After the truck attack Monday night, the Kurfürstendamm, one of Berlin’s busiest shopping streets, was eerily quiet and deserted. Ku’damm, as the famous street is known, had been crammed with people that night, as it has been every evening leading up to Christmas. Now tourists, journalists and local residents congregated nearby, trying to make sense of what had just happened.
The tens of thousands of colorful holiday lights still cast their glow on the small number of passersby, some of whom were finally allowed to cross the street and return to their homes. A lone flower-seller was still trying to make a go of it.
A newspaper vendor suddenly appeared, hawking the latest edition of the daily Bild, just over two hours after the attack. Behind him, one of the giant electronic billboards on one of the many department stores in the area replaced its usual enticing ads with a somber announcement about the terrible event that just occurred.
A bunch of young people approached a group of journalists who were photographing the Christmas market from a distance, and disconcertingly asked if they knew where to find a good nightclub. The foreigners couldn’t help them.
As hours passed, the city seemed to be returning to itself, as clichéd as that sounds. But just a short while before, it was a whole different story: The area that is the beating heart of West Berlin, with a bustling holiday market that’s especially popular with tourists, had been transformed into a sterile zone to which no one was permitted access. All the surrounding shops and malls were closed and empty. Dozens of people gathered opposite the police barrier erected near the train station, trying to get some crumbs of information from each other.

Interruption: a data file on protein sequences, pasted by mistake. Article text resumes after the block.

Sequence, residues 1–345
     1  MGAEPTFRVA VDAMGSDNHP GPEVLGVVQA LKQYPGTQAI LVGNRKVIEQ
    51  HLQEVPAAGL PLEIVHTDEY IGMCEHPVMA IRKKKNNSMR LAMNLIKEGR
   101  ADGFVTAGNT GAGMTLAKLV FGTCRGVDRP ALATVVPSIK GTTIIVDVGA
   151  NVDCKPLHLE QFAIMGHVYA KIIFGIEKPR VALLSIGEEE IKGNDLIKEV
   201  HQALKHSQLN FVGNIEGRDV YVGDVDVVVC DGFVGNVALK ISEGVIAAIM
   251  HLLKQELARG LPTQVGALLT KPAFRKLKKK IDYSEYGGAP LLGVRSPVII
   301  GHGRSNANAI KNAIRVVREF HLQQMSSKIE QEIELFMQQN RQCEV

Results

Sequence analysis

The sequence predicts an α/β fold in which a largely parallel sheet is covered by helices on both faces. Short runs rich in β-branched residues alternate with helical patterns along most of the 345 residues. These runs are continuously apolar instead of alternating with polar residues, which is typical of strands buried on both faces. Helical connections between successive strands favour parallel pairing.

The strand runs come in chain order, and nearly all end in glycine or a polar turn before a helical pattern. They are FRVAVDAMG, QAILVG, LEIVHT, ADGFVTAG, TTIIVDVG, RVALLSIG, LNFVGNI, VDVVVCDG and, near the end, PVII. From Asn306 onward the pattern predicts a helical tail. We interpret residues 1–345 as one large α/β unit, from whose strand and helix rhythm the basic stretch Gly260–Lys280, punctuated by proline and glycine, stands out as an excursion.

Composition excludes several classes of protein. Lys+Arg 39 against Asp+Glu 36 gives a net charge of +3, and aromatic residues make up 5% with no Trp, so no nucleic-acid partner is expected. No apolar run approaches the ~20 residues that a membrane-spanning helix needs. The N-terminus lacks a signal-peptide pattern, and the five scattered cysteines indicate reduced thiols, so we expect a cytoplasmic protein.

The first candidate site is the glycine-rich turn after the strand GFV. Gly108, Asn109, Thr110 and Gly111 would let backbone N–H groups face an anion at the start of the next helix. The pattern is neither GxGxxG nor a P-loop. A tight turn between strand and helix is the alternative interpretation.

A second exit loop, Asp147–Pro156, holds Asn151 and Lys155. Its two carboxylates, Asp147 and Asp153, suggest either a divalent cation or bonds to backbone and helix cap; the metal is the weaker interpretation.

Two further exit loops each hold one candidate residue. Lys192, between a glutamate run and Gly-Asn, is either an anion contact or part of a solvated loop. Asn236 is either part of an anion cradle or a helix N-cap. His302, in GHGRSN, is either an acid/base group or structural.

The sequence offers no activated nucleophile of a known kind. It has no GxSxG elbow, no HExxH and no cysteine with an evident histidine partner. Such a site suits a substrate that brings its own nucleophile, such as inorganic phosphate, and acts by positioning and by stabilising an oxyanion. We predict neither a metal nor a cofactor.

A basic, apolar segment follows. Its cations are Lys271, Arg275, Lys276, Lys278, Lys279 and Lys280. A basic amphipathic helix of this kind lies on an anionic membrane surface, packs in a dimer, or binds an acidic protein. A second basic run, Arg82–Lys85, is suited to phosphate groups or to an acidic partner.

One person who stood out was Ralph, standing alone, leaning over the sidewalk railing with a black stocking cap on his head, not speaking with anyone. Ralph is 54 and has lived in this neighborhood for 20 years. With a shaky voice, he related that he’d been at the market with friends, just like every other day in the month leading up to Christmas. It’s their regular ritual, he said: meeting for a drink there on their way home from work.
They were standing on the side that's close to Ku’damm when they suddenly heard shouting and saw a wave of people running from the other side of the market, on Budapester Strasse, where the No. 100 tourist bus goes. Hearing someone yelling that there was a bomb, Ralph and his friends immediately dropped their glasses of hot wine and started running too. Ralph made it to his home, five minutes from the square, turned on the TV and saw that there was no longer any bomb threat. None of his friends was hurt, but he felt compelled to go back to the site.
Two teenage tourists near him were telling another friend about how lucky they’d been. Their hotel was nearby, the young women said, and they would pass through the market every evening on their way out somewhere. On this particular evening they had been slightly delayed, and were unaware of the attack until one of them received a message from her brother asking if she was okay. They stayed in their room for another hour before venturing out to see what happened.
Not far away, some people were crowding around a boy of about 15, who was showing them a video on his phone that he said he took in the market right after the truck attack. It showed a lot of blood on the sidewalk and a body sprawled out. Another young man next to him shouted, “Whoever wants the video – 100 euros!” Raucous bidding was getting underway.
Just then, journalists were given the okay to cross the barrier and get closer to the scene. There was the silent tableau: the black truck, where it had come to a stop, with one of the Christmas food stalls crushed beneath it; dozens of holiday decorations strewn about; and a solitary, star-shaped lamp that had sat atop the wrecked stall, lying on the pavement.
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